Aids Fight in Africa

Photo: Daily News

Feature

As the world celebrates World Aids Day today, its prudent to review the fight against the scourge. Since the start of 21st Century, HIV/Aids has increasingly been labelled as an "African disease".

The specter of HIV/Aids whenever mentioned invariably points in the direction of Africa probably because of prohibitive, almost unbelievable statistics on HIV/Aids. According to UNAIDS, since the epidemic began, more than 60 million people have been infected with the virus.
It is the fourth biggest killer worldwide with estimates of 28.1 million infected souls in Africa. If we believe the figures provided by Unaids, the UN organisation that has assumed a hegemonic role with regards to HIV/Aids, then it will impact significantly on our socio-economic development and poverty alleviation. The epidemic feeds on existing economic and social problems and unleashes untold misery on millions of lives.
Africa entered the "HIV/Aids war" late. Nevertheless, by the end of the 20th Century, it had assumed control of the proceedings. The first HIV/Aids cases were identified among homosexuals in the United States in 1981. It was believed myopically as a 'Western disease' and throughout the 1980s, Africa stayed relatively quiet and a mere spectator while the "HIV/Aids war" raged on. The epidemic took a U-turn in the 1990s when suddenly, Aids became a "clear and present danger" to a majority of African nations south of the Sahara. By the time the 11th International Conference on Aids and STDs in Africa was launched in 1999, the World Bank was already claiming that the damage Aids had done, was incalculable, but mostly blamed on lack of political will on the part of African governments. Political will, another of those illusive words that often emanates from Western knowledge of development problems, has become a buzzword of the 21st Century. The Joint United Nations Programme on Aids has as its "holy creed"; the imperative of strong political will backed by concerted multi-sectoral effort as representing a panacea for HIV prevention in Africa.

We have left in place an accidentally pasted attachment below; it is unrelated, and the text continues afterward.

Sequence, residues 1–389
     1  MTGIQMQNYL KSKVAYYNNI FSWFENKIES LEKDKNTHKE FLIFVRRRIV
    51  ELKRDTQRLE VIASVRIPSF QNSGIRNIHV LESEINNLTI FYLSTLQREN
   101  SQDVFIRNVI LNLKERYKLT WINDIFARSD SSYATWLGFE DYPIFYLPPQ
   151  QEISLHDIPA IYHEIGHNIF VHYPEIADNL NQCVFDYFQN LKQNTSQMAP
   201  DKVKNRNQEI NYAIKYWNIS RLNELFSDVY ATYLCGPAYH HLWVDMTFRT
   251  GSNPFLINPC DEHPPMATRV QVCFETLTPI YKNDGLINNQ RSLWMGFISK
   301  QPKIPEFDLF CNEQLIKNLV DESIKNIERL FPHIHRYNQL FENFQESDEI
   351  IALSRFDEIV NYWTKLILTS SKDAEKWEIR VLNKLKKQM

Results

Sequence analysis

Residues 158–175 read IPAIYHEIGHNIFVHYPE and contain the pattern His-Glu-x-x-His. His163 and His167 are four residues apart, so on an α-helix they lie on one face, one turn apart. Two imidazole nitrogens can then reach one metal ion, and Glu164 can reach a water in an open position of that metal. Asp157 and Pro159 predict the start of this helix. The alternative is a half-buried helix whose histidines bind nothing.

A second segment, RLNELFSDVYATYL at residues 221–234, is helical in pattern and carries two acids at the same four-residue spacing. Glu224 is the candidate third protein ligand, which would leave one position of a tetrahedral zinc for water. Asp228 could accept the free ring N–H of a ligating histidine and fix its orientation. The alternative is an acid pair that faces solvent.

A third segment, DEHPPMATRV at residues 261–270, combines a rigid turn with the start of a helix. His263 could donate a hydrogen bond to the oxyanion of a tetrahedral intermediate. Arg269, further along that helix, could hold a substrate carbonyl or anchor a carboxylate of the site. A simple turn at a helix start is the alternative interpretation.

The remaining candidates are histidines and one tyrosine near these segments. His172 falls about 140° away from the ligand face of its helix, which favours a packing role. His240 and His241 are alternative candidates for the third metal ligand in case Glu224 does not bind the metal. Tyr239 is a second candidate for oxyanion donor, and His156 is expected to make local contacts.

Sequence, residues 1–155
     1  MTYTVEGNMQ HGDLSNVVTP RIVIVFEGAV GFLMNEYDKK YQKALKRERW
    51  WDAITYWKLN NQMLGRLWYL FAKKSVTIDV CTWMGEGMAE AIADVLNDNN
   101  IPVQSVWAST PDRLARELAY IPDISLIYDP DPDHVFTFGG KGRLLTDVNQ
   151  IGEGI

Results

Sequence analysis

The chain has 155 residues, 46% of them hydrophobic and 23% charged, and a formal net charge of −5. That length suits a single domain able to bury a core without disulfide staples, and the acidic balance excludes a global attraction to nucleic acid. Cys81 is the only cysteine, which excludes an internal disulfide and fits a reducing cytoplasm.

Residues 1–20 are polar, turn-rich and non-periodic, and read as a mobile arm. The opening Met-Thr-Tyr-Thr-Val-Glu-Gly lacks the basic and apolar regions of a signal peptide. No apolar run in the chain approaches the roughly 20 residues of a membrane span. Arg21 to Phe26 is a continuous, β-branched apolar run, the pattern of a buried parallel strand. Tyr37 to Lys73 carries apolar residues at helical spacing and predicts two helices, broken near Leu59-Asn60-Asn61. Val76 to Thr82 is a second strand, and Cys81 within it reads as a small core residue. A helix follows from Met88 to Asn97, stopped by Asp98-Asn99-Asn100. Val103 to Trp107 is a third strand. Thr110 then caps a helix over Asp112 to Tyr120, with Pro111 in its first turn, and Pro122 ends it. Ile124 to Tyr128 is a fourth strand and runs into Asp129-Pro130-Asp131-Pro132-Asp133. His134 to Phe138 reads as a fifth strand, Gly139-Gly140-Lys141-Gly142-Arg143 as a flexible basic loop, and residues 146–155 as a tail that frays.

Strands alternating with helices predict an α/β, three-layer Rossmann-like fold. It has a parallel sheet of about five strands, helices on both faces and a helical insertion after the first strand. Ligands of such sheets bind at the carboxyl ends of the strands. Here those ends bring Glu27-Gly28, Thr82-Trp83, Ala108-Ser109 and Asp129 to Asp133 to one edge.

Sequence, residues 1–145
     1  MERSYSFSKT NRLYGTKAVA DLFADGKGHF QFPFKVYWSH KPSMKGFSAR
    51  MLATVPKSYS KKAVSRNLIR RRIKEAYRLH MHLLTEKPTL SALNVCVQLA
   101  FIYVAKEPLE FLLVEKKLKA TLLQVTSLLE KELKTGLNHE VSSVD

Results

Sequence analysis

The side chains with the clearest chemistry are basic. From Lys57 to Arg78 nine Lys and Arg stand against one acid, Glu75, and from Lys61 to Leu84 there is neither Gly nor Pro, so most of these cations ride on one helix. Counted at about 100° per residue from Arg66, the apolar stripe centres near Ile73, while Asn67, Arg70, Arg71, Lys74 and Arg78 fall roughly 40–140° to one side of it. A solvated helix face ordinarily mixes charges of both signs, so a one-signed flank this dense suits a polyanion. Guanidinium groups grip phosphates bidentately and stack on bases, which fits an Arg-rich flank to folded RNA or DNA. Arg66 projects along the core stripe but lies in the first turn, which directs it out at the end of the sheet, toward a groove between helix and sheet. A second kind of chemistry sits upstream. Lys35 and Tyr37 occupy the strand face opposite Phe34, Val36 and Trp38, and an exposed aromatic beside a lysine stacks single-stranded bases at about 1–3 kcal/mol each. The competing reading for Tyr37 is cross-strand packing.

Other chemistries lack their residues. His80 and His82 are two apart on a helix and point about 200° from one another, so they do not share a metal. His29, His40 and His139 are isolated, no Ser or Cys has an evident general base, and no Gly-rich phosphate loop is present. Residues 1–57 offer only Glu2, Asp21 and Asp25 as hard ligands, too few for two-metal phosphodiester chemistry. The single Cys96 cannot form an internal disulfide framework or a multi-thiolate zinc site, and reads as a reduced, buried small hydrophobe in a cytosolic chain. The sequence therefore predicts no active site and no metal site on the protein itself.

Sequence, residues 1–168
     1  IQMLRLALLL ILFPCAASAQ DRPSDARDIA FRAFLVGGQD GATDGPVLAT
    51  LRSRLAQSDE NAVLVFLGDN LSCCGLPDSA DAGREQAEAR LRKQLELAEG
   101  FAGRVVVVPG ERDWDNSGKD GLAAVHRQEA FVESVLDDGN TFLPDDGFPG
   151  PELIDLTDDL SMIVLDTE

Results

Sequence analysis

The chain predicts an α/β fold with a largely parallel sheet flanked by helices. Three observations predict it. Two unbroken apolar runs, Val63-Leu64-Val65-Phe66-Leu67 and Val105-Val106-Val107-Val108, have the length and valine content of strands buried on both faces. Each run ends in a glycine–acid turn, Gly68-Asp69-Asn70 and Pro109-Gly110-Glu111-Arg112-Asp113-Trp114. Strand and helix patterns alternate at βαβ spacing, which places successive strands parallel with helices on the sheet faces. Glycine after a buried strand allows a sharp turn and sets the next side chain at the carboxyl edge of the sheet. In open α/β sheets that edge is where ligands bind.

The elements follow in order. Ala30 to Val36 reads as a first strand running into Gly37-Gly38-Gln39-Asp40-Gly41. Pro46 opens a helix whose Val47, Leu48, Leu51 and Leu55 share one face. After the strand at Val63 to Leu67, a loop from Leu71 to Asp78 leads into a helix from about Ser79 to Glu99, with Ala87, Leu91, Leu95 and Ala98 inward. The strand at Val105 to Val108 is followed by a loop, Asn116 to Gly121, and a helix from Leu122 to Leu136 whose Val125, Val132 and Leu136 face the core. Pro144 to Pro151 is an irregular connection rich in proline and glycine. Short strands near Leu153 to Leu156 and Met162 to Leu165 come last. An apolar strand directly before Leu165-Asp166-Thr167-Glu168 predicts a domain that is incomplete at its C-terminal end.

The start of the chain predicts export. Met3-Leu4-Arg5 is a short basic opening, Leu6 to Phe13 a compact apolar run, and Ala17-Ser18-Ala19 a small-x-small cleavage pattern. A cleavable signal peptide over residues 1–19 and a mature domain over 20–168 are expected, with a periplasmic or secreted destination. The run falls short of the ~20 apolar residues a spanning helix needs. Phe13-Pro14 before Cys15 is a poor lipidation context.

However, the concern here has often been a stance of denial or alternatively, official acknowledgement of the need for an Aids policy coupled with a persistent failure to accept the depth of the crisis, much less to follow through on construction of a comprehensive policy. It is as if, having officially conceded the presence of HIV/Aids, governments then go about their business-fighting wars briefly put, Africa's response to the HIV/Aids pandemic has been phlegmatic.
However, one cannot ignore the dynamics of political economy and poverty of this problem on this continent. While there is no shortage of academic texts on the poverty of political will and democratic governance in Africa, the question is: Does the failure of political will matter? The answer is yes and no. Yes, because it is governments that must formulate national plans, manage large-scale programmes and coordinate efforts of NGOs and CBOs to make responses to HIV effective. There exists the need for governments to take charge of providing basic needs, which ensures a decent living standard crucial for preventive campaigns. Yet, this has to be considered in context.